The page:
Holding onto the Past: Litigation Hold Basics

Author: Kathryn Besch

We hear “out with the old, in with the new” frequently this time of year.  However, if you are a part of a company involved in litigation, you will need to resist the urge to purge.  All companies involved in litigation or aware of a reasonable likelihood of civil litigation or law enforcement action must comply with a litigation hold.

What is a “litigation hold?”

A litigation hold is the preservation of documents, regardless of a company’s standard document maintenance and destruction practices.  Very simply, companies must suspend routine retention policies until litigation is resolved.  To avoid spoliation of evidence, documents relevant to litigation should not be destroyed even if they would normally be discarded in the usual course of business.

When does the litigation hold take effect? 

The mere possibility of a lawsuit does not trigger a litigation hold.  The duty to preserve evidence arises when a company becomes aware there is a reasonable likelihood of civil litigation or law enforcement action.  At the very latest, a duty to adhere to a litigation hold arises when a lawsuit is filed.  However, in many circumstances the duty may arise before litigation is commenced if litigation is reasonably foreseeable.  Courts have described this date as an objective standard, determined by “whether a reasonable party in the same factual circumstances would have reasonably foreseen litigation.”  See Apple Inc. v. Samsung Elecs. Co. (N.D. Cal. 2012) 888 F. Supp. 2d 976, 990, Zubulake v. UBS Warburg LLC (S.D.N.Y. 2003) 220 F.R.D. 212, 216.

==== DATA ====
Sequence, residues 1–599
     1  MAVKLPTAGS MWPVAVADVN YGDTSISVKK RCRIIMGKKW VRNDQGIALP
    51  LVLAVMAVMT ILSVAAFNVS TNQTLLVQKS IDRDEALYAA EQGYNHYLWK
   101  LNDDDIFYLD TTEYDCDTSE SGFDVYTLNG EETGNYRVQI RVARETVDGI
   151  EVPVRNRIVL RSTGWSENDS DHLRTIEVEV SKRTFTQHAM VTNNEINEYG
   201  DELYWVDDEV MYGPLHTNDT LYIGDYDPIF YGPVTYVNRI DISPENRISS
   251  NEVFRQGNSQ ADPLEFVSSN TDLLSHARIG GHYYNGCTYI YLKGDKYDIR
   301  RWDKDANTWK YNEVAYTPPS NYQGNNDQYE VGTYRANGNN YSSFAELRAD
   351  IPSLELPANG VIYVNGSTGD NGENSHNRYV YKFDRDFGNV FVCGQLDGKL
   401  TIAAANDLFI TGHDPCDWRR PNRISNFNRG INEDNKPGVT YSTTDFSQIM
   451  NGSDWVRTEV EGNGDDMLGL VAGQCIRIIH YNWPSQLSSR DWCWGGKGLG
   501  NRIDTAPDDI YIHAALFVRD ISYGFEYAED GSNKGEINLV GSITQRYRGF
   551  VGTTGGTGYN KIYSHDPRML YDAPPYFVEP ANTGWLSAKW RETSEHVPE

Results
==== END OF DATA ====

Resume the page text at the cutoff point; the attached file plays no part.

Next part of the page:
What is the scope of a litigation hold? 

A litigation hold does not require a company to keep every piece of paper, email or back-up tape.  However, companies must preserve documents and tangible things it knows, or should know, are relevant in the action.  Such documents include, but are not limited to, unique evidence that may be useful to an adversary, documents reasonably calculated to lead to the discovery of admissible evidence and documents reasonably likely to be requested during discovery.  This duty extends to employees who are “likely to have relevant information –the ‘key players’ in a case.”  Zubulake, supra, at 218.

How should a litigation hold be implemented?

 A company is responsible for making sure its employees preserve evidence, including emails, voicemails, text messages and documents.  Keep in mind, communications between employees will be discoverable, so it is preferable to have a litigation communicated by counsel.  It is also good practice to avoid including any confidential information in communications regarding the litigation hold.

What are the repercussions for failing to preserve evidence? 

The destruction of, alteration of or failure to preserve evidence is referred to as spoliation.  Courts have the ability to impose a variety of sanctions against a party for spoliation of evidence, regardless of whether the spoliation was intentional or negligent.  Spoliation of evidence may result in monetary sanctions, issue sanctions, evidentiary sanctions or, in the case of egregious intentional spoliation, even terminating sanctions.  Therefore, if your company is involved in litigation or litigation is reasonably foreseeable, it is important to take all necessary steps to preserve relevant documents and tangible things and to ensure the litigation hold remains in effect until litigation is resolved.


Kate Besch is a graduate of the University of Iowa College of Law. She specializes in general liability defense and business litigation. Contact Kate at 858.263.4115 or kbesch@tysonmendes.com.

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